The complete file of the series titled El mundo magico de Tamariz is now a sought-after collectors item, and if you can get one you should consider yourself extremely fortunate – on a recent asking even the Maestro himself doesn’t have a file!

Part of the project was a massive magic box that also contained two (!) VHS videos and a full-sized book of 270 pages.

During the pandemic years I have looked through all of this material again, and it is a gold-mine of ideas of all sorts that even the most seasoned professional can profit from.

“El mundo magico de Tamariz” – The book

On one of the videos Tamariz performs several of the routines, mostly very simple but still effective (if done by him!), and at the end there is a most unusual juggling routine he does and which will surprise and enchant you – I’m sure that even as a connoisseur of Tamariz’s magic you did not expect that.

To enjoy the video clip CLICK HERE.

Wish you all an excellent week!

Roberto Giobbi

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The Magic Memories (133)

Hello everyone!

Today’s topics are: Another trick problem.

These are The Magic Memories 133, gone online Sunday, July 16th, 2023, at 0:07h sharp.

All The Magic Memories from 2021, 2022, including the Magic Advent Calendar from 2020, can be found HERE.

I’m back from Luxemburg and Valladolid, but for the past few days have already been in the Austrian Alps, far behind Innsbruck, in the beautiful Zillertal, performing and teaching magic at the Adler Inn in Hintertux at the Hintertuxer Zaubertage – will tell you more upon my return in The Magic Memories 134.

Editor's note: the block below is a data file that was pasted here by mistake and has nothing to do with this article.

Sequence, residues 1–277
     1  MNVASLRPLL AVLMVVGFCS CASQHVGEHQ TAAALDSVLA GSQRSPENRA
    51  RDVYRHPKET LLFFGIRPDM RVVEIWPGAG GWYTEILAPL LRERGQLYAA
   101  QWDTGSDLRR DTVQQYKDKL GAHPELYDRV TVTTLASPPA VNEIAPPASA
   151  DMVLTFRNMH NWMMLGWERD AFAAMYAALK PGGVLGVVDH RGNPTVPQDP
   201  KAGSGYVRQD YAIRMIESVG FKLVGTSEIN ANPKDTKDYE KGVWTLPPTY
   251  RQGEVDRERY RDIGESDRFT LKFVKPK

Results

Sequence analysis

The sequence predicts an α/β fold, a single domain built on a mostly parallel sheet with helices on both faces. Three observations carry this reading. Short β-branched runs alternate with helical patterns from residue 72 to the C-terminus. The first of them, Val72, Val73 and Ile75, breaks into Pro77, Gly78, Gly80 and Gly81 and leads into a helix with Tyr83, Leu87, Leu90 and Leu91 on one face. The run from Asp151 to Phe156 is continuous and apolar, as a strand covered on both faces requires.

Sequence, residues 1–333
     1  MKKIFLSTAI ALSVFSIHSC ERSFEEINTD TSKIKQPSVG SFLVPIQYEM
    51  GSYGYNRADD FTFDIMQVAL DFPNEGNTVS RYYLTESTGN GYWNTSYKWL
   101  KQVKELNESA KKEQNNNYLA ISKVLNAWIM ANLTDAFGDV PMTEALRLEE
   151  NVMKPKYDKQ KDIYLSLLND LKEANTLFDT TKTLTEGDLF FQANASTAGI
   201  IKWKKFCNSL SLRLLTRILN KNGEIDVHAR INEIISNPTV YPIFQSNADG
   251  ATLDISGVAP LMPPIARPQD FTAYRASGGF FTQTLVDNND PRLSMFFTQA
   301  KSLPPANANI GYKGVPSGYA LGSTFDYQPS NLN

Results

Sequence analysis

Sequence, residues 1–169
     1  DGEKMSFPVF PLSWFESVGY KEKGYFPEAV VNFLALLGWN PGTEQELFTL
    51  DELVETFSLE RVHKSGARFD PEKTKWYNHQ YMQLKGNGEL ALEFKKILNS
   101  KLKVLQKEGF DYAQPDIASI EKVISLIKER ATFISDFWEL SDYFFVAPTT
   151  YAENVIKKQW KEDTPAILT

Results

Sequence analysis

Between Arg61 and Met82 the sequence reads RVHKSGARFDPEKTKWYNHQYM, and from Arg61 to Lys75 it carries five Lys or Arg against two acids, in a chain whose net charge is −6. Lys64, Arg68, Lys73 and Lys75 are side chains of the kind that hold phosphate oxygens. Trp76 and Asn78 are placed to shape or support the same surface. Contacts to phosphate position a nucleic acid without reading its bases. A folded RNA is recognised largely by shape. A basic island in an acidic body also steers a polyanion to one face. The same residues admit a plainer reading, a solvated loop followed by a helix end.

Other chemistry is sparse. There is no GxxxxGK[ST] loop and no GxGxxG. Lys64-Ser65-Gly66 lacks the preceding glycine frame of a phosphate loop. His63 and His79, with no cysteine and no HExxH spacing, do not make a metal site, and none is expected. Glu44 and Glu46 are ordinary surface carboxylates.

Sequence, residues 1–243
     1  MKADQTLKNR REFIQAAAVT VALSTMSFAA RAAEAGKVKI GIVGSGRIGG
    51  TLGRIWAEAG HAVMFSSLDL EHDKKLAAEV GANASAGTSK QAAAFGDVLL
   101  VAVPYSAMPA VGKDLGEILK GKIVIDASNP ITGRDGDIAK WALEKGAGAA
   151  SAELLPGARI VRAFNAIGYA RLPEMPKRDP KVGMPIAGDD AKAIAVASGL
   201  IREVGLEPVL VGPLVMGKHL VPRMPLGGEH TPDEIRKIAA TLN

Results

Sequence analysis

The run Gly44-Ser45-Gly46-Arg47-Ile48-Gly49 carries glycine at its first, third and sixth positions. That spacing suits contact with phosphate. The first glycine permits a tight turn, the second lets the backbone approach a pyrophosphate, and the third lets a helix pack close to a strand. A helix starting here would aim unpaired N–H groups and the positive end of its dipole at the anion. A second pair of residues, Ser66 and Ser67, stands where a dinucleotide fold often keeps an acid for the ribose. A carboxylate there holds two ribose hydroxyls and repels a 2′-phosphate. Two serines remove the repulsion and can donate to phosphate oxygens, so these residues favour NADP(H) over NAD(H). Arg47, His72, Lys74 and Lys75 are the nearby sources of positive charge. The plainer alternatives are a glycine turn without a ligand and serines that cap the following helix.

Below is a souvenir photo from a past edition (2017) – you can see me in the action of teaching “Dice and Aces” from Sharing Secrets (p. 91).

Hintertux 2017 – Workshop with happy customers

Meanwhile, here is something for you to ponder…

Yet Another Trick Problem

When I was in my teens, one of the magical pleasures was to read the ads in the magic magazines, and to then try to find out how it could be done. Anyone from the pre-Internet era knows what I mean 🙂

Here is an ad from an old magazine (can’t remember which one…) which I found in one of my notebooks, with an interesting double-effect.

Can you find a practical method?

  1. One using tricks cards, as the advertised version suggests…
  2. …  and another with a regulation deck?

To get to the challenge, CLICK HERE.

Wish you all an excellent week!

Roberto Giobbi